James Long is a prolific blogger and the author of several open source libraries including Prettier. He has recently started developing Actual, a budgeting app built in React and Electron. In this episode we talk about James’ approach to business, as well as take a peek behind the scenes at how he works with React.
In this episode Michael Jackson talks with Dan Abramov, author of Redux and create-react-app, about the responsibility that comes with being an influential voice for React, how future versions of React will leverage requestIdleCallback to schedule work, and the possibility of a future API for React that makes it easier to do async work.
Evan You joined the show to talk about his work on Vue.js. We learn how Evan found users and got Vue.js off the ground, the details behind their crowdfunding on Patreon, whether or not crowdfunding is a viable method of sustaining open source, finding balance in life and work, and plans for funding beyond the Patreon campaign.
Tim Hockin and Aparna Sinha joined the show to talk about the backstory of Kubernetes inside Google, how Tim and others got it funded, the infrastructure of Kubernetes, and how they’ve been able to succeed by focusing on the community.
Nathan Sobo, founding member of the Atom editor team at GitHub, joined the show take us all the way back to the beginning of Atom to learn where it came from, the founding team, the problem it solves, on through to shipping 1.0 and beyond.
Sandi Metz joined the show to talk about her beginnings on a mainframe, her 30+ years of programming experience, the ins and outs of OOP, her book Practical Object-Oriented Design in Ruby (aka POODR), as well as her latest book 99 Bottles of OOP which she co-authored with Katrina Owen. We also covered a few listener submitted questions at the end.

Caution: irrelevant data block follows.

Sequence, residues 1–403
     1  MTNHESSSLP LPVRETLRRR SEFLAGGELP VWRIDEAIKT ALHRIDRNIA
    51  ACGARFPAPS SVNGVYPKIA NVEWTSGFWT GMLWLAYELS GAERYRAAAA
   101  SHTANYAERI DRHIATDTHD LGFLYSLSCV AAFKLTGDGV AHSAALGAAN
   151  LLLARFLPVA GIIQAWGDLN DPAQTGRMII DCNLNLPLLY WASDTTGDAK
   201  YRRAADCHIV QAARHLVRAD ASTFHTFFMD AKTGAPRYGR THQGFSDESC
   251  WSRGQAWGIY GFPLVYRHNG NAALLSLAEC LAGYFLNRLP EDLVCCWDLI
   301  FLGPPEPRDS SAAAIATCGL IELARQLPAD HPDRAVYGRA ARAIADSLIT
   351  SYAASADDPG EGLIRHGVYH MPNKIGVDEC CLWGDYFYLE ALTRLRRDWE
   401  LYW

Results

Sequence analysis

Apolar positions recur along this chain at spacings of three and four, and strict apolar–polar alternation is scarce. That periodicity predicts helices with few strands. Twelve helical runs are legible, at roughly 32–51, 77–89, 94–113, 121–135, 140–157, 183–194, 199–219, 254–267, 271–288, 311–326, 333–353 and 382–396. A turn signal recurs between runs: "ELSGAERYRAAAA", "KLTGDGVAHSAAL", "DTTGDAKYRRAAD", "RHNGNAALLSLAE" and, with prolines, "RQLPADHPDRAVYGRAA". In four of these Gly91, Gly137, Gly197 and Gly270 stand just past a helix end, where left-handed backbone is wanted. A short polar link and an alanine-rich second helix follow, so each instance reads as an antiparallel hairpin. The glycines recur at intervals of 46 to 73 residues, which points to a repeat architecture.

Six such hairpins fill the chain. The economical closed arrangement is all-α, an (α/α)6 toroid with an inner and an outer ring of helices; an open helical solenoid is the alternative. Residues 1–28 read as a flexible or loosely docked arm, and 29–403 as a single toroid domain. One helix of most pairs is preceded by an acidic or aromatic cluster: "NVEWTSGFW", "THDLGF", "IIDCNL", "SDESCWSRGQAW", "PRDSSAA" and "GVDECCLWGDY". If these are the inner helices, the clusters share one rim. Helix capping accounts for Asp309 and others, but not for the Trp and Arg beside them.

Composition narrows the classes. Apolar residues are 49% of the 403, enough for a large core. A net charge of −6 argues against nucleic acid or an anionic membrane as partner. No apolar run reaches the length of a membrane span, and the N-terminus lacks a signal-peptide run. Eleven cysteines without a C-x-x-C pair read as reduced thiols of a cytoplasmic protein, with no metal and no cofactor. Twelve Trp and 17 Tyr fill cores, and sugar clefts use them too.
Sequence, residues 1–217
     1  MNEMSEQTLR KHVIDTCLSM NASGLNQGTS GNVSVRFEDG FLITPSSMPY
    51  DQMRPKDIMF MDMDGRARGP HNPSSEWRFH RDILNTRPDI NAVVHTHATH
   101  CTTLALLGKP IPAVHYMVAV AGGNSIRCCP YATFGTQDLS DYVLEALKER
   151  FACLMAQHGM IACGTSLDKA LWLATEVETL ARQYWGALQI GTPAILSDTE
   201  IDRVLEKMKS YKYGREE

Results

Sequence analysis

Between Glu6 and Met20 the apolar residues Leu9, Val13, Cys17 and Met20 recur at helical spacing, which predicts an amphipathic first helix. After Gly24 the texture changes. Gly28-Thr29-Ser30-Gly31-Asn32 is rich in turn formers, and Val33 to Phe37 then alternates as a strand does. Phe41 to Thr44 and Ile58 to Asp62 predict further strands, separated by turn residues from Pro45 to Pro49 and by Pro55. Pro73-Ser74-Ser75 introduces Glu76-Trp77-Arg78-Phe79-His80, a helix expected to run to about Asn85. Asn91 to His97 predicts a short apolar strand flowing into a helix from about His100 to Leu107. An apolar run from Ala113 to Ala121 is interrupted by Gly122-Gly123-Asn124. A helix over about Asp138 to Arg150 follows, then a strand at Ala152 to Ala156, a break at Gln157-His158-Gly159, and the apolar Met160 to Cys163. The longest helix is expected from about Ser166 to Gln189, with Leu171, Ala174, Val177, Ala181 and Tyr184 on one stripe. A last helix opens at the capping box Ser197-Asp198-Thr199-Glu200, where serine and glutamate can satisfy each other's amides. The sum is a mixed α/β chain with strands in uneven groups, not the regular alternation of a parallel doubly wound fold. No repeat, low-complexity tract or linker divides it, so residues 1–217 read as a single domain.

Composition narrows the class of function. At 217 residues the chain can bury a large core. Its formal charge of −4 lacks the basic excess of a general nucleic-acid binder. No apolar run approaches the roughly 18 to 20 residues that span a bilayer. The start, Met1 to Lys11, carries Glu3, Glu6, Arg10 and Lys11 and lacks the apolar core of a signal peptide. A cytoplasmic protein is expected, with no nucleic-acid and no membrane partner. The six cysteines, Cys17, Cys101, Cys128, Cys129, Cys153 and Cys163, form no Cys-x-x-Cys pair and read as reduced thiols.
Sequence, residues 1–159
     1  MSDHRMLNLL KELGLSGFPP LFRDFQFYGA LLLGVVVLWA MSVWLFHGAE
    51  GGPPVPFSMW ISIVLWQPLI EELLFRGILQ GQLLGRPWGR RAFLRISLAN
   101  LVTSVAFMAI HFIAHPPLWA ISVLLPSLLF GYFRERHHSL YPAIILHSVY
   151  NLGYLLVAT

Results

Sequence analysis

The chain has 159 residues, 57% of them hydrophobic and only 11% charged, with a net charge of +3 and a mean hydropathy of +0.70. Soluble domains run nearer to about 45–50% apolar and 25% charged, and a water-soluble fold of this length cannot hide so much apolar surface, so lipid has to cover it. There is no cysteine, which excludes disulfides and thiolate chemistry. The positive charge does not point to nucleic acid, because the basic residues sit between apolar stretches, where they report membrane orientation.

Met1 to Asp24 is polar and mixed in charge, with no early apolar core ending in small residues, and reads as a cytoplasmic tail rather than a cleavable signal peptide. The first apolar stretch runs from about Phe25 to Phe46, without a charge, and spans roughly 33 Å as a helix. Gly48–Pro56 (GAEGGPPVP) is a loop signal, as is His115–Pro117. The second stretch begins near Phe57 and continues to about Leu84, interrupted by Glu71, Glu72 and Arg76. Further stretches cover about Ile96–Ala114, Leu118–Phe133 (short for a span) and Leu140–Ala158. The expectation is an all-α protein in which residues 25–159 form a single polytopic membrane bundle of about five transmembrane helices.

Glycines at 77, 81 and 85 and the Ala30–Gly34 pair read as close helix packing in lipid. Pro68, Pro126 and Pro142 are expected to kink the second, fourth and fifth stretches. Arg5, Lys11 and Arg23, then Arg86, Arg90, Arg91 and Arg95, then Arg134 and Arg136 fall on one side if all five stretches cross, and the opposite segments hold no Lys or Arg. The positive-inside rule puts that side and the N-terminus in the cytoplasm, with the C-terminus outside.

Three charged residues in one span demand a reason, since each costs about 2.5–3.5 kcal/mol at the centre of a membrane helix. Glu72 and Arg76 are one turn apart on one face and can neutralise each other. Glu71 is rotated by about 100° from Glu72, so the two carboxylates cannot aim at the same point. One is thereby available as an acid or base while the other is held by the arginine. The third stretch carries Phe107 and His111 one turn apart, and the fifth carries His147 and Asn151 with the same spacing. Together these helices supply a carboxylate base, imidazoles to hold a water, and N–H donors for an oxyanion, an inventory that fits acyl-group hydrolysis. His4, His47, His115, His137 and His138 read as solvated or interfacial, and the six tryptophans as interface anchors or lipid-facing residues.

Since airing this show, Pieter passed away due to his battle with a metastasis of bile duct cancer in both lungs. But rather than listen to this show with sadness, listen with a happy heart and let’s celebrate Pieter’s life, and what he has accomplished. Thank you Pieter from the bottom of our hearts for your time on this show and for all that you are. You are loved by us my friend. This show will forever be a very special show for us.
Pieter Hintjens is the creator of ZeroMQ and The Collective Code Construction Contract (C4), a writer of many books and protocols, as well as a developer with decades of building software and communities – he’s someone who’s given so much, and continues to give - even up until the time he is planning for his death.
This episode is part of our remastered greatest hits collection and features Richard Hipp, the creator of SQLite, talking with us about its history, where it came from, why it has succeeded as a database, how its development has been sustainably funded, and the how and why of it being the most widely deployed database engine in the world.
David Heinemeier Hansson, aka DHH joined the show to talk through the past, present, and future of Ruby on Rails — the most beloved web application framework in the Ruby community.
Adam talks with Dalton Caldwell the Founder of App.net. Since we barely scratched the surface of the planned conversation around what he’s doing with App.net in part 1, Dalton agreed to come back on the show for a part 2 to discuss the back story of App.net!